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 p95  Annulus

Article by Leonhard Schmitz, Ph.D., F.R.S.E., Rector of the High School of Edinburgh
on pp95‑97 of

William Smith, D.C.L., LL.D.:
A Dictionary of Greek and Roman Antiquities, John Murray, London, 1875.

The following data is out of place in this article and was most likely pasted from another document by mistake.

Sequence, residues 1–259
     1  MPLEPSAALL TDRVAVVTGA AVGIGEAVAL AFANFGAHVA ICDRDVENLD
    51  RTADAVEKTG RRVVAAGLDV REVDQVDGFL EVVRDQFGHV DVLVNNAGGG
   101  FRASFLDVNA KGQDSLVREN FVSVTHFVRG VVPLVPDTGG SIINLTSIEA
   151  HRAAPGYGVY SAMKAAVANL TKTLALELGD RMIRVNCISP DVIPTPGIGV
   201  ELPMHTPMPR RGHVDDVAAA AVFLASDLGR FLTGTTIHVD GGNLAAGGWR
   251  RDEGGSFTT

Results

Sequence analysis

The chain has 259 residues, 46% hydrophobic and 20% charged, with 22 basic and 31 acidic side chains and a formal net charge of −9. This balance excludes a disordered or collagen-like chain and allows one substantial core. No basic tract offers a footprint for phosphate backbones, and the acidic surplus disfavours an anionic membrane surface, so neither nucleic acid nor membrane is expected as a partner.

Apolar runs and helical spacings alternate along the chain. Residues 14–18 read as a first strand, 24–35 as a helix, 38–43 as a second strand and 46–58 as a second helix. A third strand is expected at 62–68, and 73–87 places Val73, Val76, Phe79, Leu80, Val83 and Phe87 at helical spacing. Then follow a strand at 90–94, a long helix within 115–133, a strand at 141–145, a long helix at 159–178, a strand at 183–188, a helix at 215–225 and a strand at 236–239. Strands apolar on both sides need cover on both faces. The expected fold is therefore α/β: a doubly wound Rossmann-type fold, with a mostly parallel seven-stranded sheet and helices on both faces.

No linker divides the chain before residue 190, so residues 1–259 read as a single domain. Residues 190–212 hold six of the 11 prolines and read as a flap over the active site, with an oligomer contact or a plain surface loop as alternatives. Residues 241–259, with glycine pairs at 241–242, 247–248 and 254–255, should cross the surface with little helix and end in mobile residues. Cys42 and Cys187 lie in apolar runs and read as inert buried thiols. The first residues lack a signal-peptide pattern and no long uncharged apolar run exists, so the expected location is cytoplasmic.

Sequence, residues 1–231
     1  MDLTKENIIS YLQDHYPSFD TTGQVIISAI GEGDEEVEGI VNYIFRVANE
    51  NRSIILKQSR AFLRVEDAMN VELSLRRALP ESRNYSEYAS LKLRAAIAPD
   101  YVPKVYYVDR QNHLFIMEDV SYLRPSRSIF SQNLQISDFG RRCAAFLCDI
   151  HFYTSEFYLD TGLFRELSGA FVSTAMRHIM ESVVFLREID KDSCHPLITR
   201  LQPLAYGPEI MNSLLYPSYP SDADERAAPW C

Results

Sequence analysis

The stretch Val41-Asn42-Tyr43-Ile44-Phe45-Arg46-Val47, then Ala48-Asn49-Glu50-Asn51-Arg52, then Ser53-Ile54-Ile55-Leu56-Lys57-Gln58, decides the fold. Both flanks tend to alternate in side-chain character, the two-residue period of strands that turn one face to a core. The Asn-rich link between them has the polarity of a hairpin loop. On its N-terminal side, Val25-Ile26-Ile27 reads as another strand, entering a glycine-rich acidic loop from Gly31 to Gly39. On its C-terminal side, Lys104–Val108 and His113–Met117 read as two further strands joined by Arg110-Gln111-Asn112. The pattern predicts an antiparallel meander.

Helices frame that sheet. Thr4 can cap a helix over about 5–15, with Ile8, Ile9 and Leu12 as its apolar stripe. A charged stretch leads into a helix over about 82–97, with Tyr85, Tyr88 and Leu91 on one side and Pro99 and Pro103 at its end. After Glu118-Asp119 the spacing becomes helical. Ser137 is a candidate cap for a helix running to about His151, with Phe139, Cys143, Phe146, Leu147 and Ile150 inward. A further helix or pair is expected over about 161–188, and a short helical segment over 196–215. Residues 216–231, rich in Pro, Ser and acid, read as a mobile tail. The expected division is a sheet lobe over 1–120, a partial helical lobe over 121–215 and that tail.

A′NNULUS (δακτύλιος), a ring. Every freeman in Greece appears to have used a ring; and, at least in the earliest times, not as an ornament, but as an article for use, as the ring always served as a seal. How ancient the custom of wearing rings among the Greeks was, cannot be ascertained; though it is certain, as even Pliny (H. N. XXXIII.4) observes, that in the Homeric poems there are no traces of it. In works of fiction, however, and in those legends in which the customs of later ages are mixed up with those of the earliest times, we find the most ancient heroes described as wearing rings (Paus. I.17 §3, X.30 §2; Eurip. Iphig. Aul. 154, Hippol. 859). But it is highly probable that the custom of wearing rings was introduced into Greece from Asia, where it appears to have been almost universal (Herod. I.195; Plat. de Re Publ. II. p359). In the time of Solon seal-rings (σφραγῖδες), as well as the practice of counterfeiting them, seem to have been rather common, for Diogenes Laërtius (I.57) speaks of a law of Solon which forbade the artist to keep the form of a seal (σφραγίς) which he had sold. (Instances of counterfeited seals are given in Becker's Charikles, II. p217). Whether, however, it was customary as early as the time of Solon to wear rings with precious stones on which figures were engraved, may justly be doubted; and it is much more probable that at that time the figures were cut in the metal of the ring itself, a custom which was never abandoned altogether. Rings without precious stones were called ἄψηφοι, the name of the gem being ψῆφος or σφραγίς (Artemidor. Oneirocrit. II.5). In later times rings were worn more as ornaments than as articles for use, and persons now were no longer satisfied with one, but wore two, three, or even more rings; and instances are recorded of those who regularly loaded their hands with rings (Plat. Hipp. Min. p368; Aristoph. Eccles. 632, Nub. 332, with the Schol.; Dinarch. in Demosth. p29; Diog. Laërt. V.1). Greek women likewise used to wear rings, but not so frequently as men; the rings of women also appear to have been less costly than those of men, for some are mentioned which were made of amber, ivory, &c. (Artemid. l.c.). Rings were mostly worn on the fourth finger (παράμεσος, Plut. Sympos. Fragm. lib. IV; Gellius, X.10).​a The Lacedaemonians are said to have used iron rings at all times (Plin. H. N. XXXIII.4). With the exception perhaps of Sparta, the law does not appear to have ever attempted in any Greek state to counteract the great partiality for this luxury; and nowhere in Greece does the right of wearing a gold ring appear to have been confined to a particular order or class of citizens.